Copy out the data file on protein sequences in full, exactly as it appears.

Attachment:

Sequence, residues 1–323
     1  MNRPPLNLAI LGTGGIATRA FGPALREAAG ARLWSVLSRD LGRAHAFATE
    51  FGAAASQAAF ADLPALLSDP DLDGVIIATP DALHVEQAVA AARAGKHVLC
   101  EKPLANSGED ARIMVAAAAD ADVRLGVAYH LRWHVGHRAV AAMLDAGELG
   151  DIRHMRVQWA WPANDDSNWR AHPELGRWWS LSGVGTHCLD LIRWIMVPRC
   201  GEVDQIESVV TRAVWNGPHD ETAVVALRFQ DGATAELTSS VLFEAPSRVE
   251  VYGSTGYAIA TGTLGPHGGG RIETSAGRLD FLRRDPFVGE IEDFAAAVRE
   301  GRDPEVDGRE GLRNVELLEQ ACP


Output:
Sequence, residues 1–323
     1  MNRPPLNLAI LGTGGIATRA FGPALREAAG ARLWSVLSRD LGRAHAFATE
    51  FGAAASQAAF ADLPALLSDP DLDGVIIATP DALHVEQAVA AARAGKHVLC
   101  EKPLANSGED ARIMVAAAAD ADVRLGVAYH LRWHVGHRAV AAMLDAGELG
   151  DIRHMRVQWA WPANDDSNWR AHPELGRWWS LSGVGTHCLD LIRWIMVPRC
   201  GEVDQIESVV TRAVWNGPHD ETAVVALRFQ DGATAELTSS VLFEAPSRVE
   251  VYGSTGYAIA TGTLGPHGGG RIETSAGRLD FLRRDPFVGE IEDFAAAVRE
   301  GRDPEVDGRE GLRNVELLEQ ACP